When it comes to our skin, hyperpigmentation can be one of the most feared prognoses. Some people are born with hyperpigmentation; others develop the darkened pigment over time. Hyperpigmentation is simply the excess production of melanin in our skin. Melanin is what gives our skin its pigment or color. Specific skin cells, called melanocytes, create the melanin seen on our skin as spots, freckles, large patches, masks, or even all over the entire body.
While the term hyperpigmentation makes us cringe in the skin care world due to our sought after “flawless skin”, it actually isn’t harmful and usually isn’t a sign of any serious medical issues. There are several different types of hyperpigmentation that stem from unique sources. The top 3 most common forms are solar lentigines, melasma, and post-inflammatory hyperpigmentation.
1) The most common and easiest to avoid are solar lentigines or sun spots. These boogers are the result of over exposure to the sun and typically develop over a period of years, popping out in our 30-40’s after years of sun bathing and UV damage and are the spots referred to by our grandparents as “liver spots”. The body’s most vulnerable areas, like the face, décolleté, and hands, get the blunt of the sun’s fury. This type of hyperpigmentation typically shows itself as freckles or small darkened spots as a result of increased melanin production in the skin’s attempt at self-defense. It’s simple, the more sun exposure, the higher the risk for development. A good, reliable UVA and UVB SPF of no less than 30 can help eliminate initial sun damage. Every single person should be applying sunblock DAILY to avoid sun spots. Treatment can include skin bleaching products, brightening and lightening creams, laser treatments, and even skin resurfacing procedures.
2) Melasma (chloasma spots) are typically deemed as “pregnancy mask”, which can be large blotches of darkened areas on the body, seen on the face and abdomen in most cases. It is thought to be caused by the change in hormone levels during pregnancy, affecting the production of melanin. This type of hyperpigmentation can fade and relapse on its own. Inflammation and irritation have been seen as triggers for flare-ups of melasma. Avoiding sun exposure and wearing SPF and proper sun blocking hats and clothing are the best preventative methods. Treatment can be tricky and long-term in an attempt to prevent back-fire of increased melanin production. Bleaching creams, laser treatments, and/or skin resurfacing are the best options to help lighten and alleviate darkened masks.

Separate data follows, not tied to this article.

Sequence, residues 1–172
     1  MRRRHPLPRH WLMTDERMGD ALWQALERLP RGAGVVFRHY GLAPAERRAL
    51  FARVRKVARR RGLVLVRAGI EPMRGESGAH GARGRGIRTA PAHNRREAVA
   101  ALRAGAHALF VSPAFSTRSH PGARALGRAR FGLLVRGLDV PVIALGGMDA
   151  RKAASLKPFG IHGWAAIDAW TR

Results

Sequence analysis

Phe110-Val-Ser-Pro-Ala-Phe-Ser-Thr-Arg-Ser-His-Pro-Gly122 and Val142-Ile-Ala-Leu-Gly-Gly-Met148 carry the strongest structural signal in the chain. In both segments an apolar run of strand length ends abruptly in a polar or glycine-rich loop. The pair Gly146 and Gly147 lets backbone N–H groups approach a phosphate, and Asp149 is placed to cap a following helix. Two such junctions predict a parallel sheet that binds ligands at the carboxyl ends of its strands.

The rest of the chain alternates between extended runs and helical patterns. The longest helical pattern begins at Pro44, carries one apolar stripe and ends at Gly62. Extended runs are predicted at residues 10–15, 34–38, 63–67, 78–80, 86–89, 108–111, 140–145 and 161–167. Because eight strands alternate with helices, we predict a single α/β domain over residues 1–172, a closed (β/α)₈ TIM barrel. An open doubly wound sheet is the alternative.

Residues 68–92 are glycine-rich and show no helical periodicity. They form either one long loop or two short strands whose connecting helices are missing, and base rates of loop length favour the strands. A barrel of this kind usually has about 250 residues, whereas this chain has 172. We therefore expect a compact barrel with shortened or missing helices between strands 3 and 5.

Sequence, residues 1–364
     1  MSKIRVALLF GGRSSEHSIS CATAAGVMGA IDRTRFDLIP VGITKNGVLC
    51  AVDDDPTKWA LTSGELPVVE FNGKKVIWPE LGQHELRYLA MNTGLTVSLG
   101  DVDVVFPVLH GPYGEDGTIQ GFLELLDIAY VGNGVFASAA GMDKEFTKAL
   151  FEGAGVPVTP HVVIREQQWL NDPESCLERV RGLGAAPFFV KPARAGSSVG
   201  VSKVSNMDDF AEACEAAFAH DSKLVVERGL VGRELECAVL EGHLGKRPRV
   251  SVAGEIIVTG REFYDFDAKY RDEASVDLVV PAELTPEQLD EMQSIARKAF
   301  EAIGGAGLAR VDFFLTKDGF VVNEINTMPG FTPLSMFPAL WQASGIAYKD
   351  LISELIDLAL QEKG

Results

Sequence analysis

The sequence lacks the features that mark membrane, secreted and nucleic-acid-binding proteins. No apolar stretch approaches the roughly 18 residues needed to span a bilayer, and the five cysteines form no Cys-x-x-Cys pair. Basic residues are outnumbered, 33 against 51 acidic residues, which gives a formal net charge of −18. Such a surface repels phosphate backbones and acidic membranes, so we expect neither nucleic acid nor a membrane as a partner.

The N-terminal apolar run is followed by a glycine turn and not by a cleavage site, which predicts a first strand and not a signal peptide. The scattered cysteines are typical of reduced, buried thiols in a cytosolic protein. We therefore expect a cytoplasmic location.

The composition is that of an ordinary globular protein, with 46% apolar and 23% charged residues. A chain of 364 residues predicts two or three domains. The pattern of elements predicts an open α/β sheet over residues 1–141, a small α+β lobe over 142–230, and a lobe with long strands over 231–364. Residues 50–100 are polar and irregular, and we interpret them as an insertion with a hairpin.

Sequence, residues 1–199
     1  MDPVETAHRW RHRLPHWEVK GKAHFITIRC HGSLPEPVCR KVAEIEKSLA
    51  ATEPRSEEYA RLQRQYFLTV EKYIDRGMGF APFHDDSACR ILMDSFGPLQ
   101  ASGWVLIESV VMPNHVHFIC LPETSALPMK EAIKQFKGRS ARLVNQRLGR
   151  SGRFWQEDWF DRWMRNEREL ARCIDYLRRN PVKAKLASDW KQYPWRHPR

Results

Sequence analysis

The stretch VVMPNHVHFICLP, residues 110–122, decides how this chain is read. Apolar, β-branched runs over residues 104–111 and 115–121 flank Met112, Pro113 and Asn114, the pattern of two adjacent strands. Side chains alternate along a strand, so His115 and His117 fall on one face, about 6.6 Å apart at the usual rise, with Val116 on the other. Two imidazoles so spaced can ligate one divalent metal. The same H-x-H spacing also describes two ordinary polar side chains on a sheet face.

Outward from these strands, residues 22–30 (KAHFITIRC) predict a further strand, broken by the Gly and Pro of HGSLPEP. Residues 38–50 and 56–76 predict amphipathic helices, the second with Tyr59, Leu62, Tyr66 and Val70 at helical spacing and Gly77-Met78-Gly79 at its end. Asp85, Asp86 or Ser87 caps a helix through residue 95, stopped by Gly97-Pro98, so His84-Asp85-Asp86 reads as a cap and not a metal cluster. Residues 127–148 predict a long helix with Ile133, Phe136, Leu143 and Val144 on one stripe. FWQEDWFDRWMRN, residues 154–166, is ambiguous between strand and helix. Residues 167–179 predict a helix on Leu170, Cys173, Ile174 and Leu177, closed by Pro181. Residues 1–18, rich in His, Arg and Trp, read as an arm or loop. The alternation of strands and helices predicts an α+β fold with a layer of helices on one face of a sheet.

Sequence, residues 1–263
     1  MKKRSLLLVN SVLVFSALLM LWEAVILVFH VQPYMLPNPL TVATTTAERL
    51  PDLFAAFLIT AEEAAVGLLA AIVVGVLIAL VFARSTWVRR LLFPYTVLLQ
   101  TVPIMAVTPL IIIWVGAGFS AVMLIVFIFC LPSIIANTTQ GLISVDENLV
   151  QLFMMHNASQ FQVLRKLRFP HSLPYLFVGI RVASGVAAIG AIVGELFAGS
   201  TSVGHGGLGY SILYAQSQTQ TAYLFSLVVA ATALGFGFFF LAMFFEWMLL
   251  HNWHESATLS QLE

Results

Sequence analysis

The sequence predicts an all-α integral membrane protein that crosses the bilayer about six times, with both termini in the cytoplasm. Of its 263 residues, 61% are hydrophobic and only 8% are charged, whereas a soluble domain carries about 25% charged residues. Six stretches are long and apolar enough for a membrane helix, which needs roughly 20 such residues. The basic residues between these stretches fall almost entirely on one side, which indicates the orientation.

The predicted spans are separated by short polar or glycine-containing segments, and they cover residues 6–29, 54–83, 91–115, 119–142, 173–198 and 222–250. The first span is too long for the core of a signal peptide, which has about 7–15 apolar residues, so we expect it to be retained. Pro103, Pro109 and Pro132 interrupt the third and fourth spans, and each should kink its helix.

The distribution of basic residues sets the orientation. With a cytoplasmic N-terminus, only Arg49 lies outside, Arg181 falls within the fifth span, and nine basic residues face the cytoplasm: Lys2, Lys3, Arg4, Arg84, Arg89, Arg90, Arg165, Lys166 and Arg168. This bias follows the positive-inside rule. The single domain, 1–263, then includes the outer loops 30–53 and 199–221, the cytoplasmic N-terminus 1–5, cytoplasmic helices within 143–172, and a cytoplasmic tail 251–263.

3) The most common form of skin darkening is referred to as post-inflammatory hyperpigmentation and is basically the body’s response to a skin injury leaving a darkened “scar” once the skin heals. Acne scarring is a common form of PIH, as well as surgical incisions, and skin abrasions. PIH can be avoided by steering clear of sun exposure to fresh healing wounds and using broad-spectrum sun blocks.
While hyperpigmentation can be an inherited characteristic, such as freckles, it can also be largely avoided and prevented. With increasing knowledge about sun damage and development of better sun protectants, we can have better chances at porcelain complexions and slow our rates of skin aging and damage. The best thing we can all do is invest in high-quality; broad spectrum, medical grade sun-blocks and skin care products and begin treatment NOW for better skin. The skin we are born in is the only one we get, so take as best of care as possible.
CaloSpa Beauty Advisor, Ashton Gooch